Dylan Ferrer is currently a third year abroad in Florence, Italy at Palazzo Rucellai. He updated us on his weekend adventures in Prague and Paris!
Two more weeks have gone by in Florence, and I spent the weekends in Prague and Paris. Both were beautiful cities, and they were strikingly more modern than Florence. This was particularly evident in Prague’s roads, which were wide, efﬁcient, and tightly integrated with their tram public transportation system, and also with Paris’ metro and tram systems, which were far superior to public transportation even in the US. By contrast, many of the roads in Florence are so narrow that they can only ﬁt a single car at a time, there do not appear to be many road signs or consistent driving guidelines, and the public transportation system is based largely on buses.This is not necessarily a bad thing, but it was interesting to note that Prague and Paris felt almost like sprawling, efﬁcient US cities whereas Florence feels like a densely-packed microcosm of the ancient world, with few hints of modernization to be seen.In Prague, I walked across the Charles bridge, took a free tour of the Prague castle,visited the Lennon Wall, and spent some time wandering around the city, going to various stores and eateries. The Lennon Wall is my favorite thing I have seen in Europe so far, as despite it’s relatively small size, it was incredibly moving to see messages of love and peace written indifferent languages and interspersed with various likenesses of John Lennon drawn in different styles (see picture below). The food in Prague was delicious (and cheap, due to the favorable conversion rate between the euro and the Czech krone), and they seem to put a heavy emphasis on pork and beef dishes, with the fantastic Czech goulash being the classic dish to eat in Prague.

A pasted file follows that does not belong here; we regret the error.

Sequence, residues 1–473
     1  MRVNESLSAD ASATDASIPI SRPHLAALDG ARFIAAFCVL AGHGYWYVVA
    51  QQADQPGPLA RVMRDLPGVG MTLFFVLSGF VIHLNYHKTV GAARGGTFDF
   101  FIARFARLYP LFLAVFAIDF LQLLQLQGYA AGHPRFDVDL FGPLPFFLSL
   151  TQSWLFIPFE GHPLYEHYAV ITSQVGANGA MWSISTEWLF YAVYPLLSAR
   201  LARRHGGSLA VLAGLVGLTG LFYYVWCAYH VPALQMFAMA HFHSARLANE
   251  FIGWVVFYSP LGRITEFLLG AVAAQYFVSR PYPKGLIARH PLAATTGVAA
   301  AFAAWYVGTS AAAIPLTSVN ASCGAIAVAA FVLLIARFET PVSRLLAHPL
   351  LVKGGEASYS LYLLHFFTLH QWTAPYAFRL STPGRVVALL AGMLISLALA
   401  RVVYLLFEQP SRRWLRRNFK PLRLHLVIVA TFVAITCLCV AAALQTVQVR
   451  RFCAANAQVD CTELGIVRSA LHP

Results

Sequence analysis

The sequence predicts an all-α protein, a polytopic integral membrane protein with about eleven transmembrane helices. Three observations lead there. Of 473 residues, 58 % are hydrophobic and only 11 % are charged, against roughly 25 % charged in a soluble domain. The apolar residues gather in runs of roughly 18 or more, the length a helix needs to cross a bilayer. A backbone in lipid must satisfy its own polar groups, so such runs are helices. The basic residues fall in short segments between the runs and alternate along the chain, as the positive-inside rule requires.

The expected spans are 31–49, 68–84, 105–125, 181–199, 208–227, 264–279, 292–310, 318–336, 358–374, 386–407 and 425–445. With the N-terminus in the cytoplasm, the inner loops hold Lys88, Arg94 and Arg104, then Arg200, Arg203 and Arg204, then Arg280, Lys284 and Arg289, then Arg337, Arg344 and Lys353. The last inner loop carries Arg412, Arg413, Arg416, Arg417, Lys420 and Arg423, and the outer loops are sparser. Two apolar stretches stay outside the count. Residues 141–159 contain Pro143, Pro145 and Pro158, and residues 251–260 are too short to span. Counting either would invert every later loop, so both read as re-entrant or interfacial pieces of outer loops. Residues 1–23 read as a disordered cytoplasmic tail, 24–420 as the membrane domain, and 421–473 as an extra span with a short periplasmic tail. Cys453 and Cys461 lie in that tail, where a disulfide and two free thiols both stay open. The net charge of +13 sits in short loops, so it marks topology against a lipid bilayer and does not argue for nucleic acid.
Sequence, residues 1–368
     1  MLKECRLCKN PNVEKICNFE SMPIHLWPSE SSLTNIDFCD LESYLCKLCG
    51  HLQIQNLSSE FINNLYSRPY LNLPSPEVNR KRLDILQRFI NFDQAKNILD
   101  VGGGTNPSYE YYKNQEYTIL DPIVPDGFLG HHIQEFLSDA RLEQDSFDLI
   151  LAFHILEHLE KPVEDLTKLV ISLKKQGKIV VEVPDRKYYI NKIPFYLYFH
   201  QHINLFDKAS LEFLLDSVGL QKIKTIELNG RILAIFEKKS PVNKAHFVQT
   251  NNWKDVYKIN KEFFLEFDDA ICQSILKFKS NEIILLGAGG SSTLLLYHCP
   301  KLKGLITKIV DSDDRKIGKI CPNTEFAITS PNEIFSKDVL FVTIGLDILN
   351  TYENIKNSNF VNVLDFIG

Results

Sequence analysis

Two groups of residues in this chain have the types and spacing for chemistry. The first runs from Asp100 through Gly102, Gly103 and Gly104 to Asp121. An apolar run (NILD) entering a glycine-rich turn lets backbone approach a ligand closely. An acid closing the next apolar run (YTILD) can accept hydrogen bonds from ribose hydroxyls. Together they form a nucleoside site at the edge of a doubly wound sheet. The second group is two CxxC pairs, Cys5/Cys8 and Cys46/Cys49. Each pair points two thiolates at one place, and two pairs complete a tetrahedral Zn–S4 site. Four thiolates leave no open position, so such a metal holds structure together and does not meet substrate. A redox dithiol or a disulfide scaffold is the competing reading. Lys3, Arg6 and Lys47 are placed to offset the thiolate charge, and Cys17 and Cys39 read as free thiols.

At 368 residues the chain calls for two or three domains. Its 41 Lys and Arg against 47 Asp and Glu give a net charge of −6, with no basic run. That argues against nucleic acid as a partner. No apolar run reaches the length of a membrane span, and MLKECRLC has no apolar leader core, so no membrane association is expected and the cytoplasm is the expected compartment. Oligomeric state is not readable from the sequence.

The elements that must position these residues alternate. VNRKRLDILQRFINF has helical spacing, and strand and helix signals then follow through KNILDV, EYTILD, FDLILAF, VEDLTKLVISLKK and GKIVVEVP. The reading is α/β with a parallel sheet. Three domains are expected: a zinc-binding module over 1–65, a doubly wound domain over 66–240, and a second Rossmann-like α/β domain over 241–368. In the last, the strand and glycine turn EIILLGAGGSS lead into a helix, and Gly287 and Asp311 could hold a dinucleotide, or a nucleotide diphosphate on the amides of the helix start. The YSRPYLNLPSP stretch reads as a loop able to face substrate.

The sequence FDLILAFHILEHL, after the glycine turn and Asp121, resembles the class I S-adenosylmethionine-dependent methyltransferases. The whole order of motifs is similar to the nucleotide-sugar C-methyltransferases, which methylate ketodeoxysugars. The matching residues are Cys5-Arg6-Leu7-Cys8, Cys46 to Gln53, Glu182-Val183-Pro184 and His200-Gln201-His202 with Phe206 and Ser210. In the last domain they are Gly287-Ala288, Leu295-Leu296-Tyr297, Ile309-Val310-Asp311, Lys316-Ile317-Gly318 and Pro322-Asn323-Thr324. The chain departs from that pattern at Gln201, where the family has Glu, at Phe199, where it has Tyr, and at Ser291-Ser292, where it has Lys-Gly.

In Paris, I visited the Eiffel Tower (picture below), the Louvre, the lock bridge, Notre Dame, and Sacré-Cœur. I particularly enjoyed the lock bridge (although Paris has recently boarded up the bridge to discourage couples placing locks on it due to concern over the bridge’s capacity to handle the weight of thousands of locks), which was packed for Valentine’s Day, and Sacré-Cœur, which, along with San Miniato al Monte in Florence, is one of the most beautiful churches I have seen so far. Paris also felt similar to DC or NY in much of the city’s population used the metro to get from place to place; indeed, it was incredibly cheap and efﬁcient to navigate the city using only the metro. It was also interesting to discover that Paris, unlike Florence or Prague, was incredibly hostile to people who are not perfectly ﬂuent in French.
My experiences in Prague and Paris also led me to the unfortunate conclusion that Florence is not a great place to learn Italian. Whereas Prague and Paris seemed truly immersive, in Florence I would have to walk for 20 minutes to run into a local who does not speak English. Indeed, the only truly immersive interaction I have had so far was with a barber,and it was fun to navigate that encounter using only my limited Italian and all sorts of hand gestures. As much as I love Florence, my Italian has barely come along at all, and perhaps it would have been more useful to stay in a home-stay or choose a program in which the courses are taught in the native language or in which there is not a two-mile radius of English speakers around my apartment.